Exclusive interview: US teen sailor unfazed by ordeal - CBS News 8 - San Diego, CA News Station - KFMB Channel 8

Exclusive interview: US teen sailor unfazed by ordeal

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In this July 2009 photo provided by Laurence Sunderland shows Abby Sunderland sailing in Santa Monica Bay, in Santa Monica, Calif. In this July 2009 photo provided by Laurence Sunderland shows Abby Sunderland sailing in Santa Monica Bay, in Santa Monica, Calif.
This photo provided by TAAF (Terres Australes et Antarctiques Francaises) shows Abby Sunderland, right, the 16-year-old California girl whose dream of sailing solo around the world was dashed last week by a massive wave, arrives with Nathalie Deschamps. This photo provided by TAAF (Terres Australes et Antarctiques Francaises) shows Abby Sunderland, right, the 16-year-old California girl whose dream of sailing solo around the world was dashed last week by a massive wave, arrives with Nathalie Deschamps.
This Saturday, June 12, 2010, photo provided by The Fire and Emergency Services Authority of Western Australia (FESA) shows Wild Eyes, the yacht of 16-year-old Abby Sunderland, adrift in the Indian Ocean after her sailboat became damaged by 30-foot (9-met This Saturday, June 12, 2010, photo provided by The Fire and Emergency Services Authority of Western Australia (FESA) shows Wild Eyes, the yacht of 16-year-old Abby Sunderland, adrift in the Indian Ocean after her sailboat became damaged by 30-foot (9-met

PARIS (AP) — Yes, she's 16, but Abby Sunderland says she knew what she was doing when she tried to sail around the world alone, and was prepared when it all went wrong in a remote zone of the Indian Ocean.

In an exclusive interview Tuesday with The Associated Press, Sunderland acknowledged that her adventure "can look pretty crazy," but she defended her parents against critics who say she never should have been allowed to attempt it.

"Those people don't know me. And if they did, they wouldn't be criticizing my age," she said by phone from the remote Kerguelen Islands, near Antarctica, where her rescue boat stopped briefly Tuesday en route to Reunion Island and a true reunion with her family.

"I think that a lot of people are judging me by the standards they have for their teens and other teens that they know ... and thinking, 'She's exactly like them,'" Sunderland said. "They don't understand that I've sailed my whole life and I do know what I'm doing out there."

Sunderland's dream of sailing solo around the world was dashed last week when three-story-high waves snapped her mast and cut off her satellite communications. After 20 tense hours of silence, a rescue plane tracking her emergency beacons found her. She was rescued Saturday by a French fishing boat 2,000 miles (3,200 kilometers) west of Australia.

"Storms and bad weather, it's the chance you take when you're sailing around the world," Sunderland said. "And I was up for it, and my parents knew I was."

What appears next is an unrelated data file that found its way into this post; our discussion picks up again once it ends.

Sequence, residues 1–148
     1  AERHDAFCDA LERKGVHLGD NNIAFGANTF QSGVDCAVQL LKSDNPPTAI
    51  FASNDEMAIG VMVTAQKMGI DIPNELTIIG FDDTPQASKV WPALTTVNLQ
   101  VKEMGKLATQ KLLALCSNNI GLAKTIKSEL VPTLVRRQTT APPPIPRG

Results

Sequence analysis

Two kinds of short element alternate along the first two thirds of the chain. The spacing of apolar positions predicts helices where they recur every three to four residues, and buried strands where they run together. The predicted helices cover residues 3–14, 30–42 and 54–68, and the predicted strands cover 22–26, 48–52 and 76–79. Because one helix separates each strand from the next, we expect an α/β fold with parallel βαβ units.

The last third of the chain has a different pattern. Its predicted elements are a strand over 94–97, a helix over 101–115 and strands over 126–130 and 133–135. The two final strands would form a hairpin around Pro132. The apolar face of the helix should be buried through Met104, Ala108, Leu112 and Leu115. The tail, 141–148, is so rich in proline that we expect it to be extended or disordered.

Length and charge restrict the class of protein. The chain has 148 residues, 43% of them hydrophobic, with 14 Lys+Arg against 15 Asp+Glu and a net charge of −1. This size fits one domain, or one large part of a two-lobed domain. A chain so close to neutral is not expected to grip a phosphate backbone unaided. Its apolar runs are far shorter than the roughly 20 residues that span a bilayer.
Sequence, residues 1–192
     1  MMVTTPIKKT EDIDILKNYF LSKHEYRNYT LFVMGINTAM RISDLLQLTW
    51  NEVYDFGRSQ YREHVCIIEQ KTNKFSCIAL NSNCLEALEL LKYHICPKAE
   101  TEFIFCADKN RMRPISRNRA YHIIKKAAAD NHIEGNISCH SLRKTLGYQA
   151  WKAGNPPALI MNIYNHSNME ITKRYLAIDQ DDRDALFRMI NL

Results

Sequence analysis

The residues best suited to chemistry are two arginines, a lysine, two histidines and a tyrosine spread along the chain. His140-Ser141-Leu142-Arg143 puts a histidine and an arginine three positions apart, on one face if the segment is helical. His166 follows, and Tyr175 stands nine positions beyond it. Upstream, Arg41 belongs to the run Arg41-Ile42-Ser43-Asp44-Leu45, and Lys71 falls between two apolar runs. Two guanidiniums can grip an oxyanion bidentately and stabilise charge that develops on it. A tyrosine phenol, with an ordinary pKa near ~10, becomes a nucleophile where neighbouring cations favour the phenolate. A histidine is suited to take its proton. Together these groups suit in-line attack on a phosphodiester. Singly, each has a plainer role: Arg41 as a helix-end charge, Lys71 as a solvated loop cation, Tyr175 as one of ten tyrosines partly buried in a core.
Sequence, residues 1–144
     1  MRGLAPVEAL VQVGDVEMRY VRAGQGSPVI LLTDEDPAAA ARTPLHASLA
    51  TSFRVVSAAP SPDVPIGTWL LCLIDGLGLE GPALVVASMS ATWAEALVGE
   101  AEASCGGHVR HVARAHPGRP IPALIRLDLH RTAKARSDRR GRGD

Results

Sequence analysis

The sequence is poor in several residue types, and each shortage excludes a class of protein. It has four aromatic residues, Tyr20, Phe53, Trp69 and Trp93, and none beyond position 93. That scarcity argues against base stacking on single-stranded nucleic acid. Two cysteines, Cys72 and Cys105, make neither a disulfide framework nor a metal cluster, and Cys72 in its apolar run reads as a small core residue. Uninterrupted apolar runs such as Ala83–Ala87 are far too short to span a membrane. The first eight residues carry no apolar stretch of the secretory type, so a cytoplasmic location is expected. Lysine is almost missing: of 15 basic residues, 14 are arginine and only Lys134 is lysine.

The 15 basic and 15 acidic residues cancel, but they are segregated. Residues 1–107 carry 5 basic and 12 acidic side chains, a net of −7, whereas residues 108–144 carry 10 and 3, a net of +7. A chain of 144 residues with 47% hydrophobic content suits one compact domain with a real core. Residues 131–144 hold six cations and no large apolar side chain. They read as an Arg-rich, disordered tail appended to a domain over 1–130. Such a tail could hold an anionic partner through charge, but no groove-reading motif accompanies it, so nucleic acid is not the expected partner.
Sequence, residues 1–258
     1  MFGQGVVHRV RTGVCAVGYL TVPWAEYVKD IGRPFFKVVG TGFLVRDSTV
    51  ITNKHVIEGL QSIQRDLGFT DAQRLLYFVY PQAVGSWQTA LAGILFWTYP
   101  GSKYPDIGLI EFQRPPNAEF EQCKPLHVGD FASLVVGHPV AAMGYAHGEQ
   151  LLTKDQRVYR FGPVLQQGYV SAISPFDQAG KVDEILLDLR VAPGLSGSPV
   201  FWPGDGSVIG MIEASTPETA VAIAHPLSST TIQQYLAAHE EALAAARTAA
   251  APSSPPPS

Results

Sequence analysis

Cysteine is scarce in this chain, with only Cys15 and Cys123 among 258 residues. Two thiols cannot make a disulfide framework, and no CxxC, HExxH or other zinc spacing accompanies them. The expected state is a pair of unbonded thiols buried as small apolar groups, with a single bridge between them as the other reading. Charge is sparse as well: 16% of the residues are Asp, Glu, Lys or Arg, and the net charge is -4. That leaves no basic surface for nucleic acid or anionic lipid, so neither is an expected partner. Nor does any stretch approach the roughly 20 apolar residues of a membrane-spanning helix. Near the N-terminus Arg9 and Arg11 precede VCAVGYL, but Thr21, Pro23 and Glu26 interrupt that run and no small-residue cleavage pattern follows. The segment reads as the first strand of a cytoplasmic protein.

On Tuesday, Sunderland posted a statement on her blog from one of the meteorologists who had been tracking the weather for her during her journey. Ken Campbell of New Hampshire-based Commander's Weather defended both Sunderland's capabilities as a sailor and her decision to cross the Indian Ocean as the Southern Hemisphere winter was approaching.

"We were late crossing the Indian Ocean, but I felt Abby was fully capable," Campbell wrote.

"We have over 6,000 clients, but we will not work with somebody that is not capable or does something we consider too dangerous," he added.

Last year, Sunderland's brother Zac briefly became the youngest person to sail solo around the world when he was 17. That unofficial record now belongs to 16-year-old Australian Jessica Watson, who completed her around-the-world solo sailing trip in May.

Abby Sunderland, whose father is a shipwright and has a yacht management company, set sail from Los Angeles County's Marina del Rey in her boat, Wild Eyes, on Jan. 23. But she ran into equipment problems and had to stop for repairs soon after beginning her journey. She gave up the goal of setting the record in April but continued on, hoping to complete the journey.

Sunderland declined to go into details about how her 40-foot (12-meter) yacht became disabled. It has since been abandoned and sunk.

"You don't have time to be terrified. If you get terrified, things just get worse. You just deal with what you get given and make the best out of it," she said.

"I think my biggest regret is having to give up my dream, but I didn't really have a choice," she said. "I was definitely up for it and I definitely could have done it."

Sunderland said she was grateful to the crew of the French fishing boat that came out of its way to rescue her.

"I was so far offshore it's hard to get a boat out there, so it's great that there was one that close by," she said.

She was transferred early Tuesday to another French vessel, this one a fishing patrol boat, that dropped anchor off the Kerguelen Islands. The archipelago, 3,300 miles (5,300 kilometers) southeast of Africa, once hosted whalers and sealers and its main island was nicknamed Desolation Island.

After a brief break on island — which houses a nature preserve and a scientific research facility — Sunderland was to travel on the same ship to Reunion Island, where she is to be met by her family. That journey is expected to take five to seven days.

Sunderland says she loves sailing "just as much as the day that I left," and that she still hopes to circumnavigate the globe someday.

"It's been a dream or a goal of mine for years. I don't know when or how I will, but I'm pretty sure I will one day sail around the world," she said.

 

Copyright 2010 The Associated Press.

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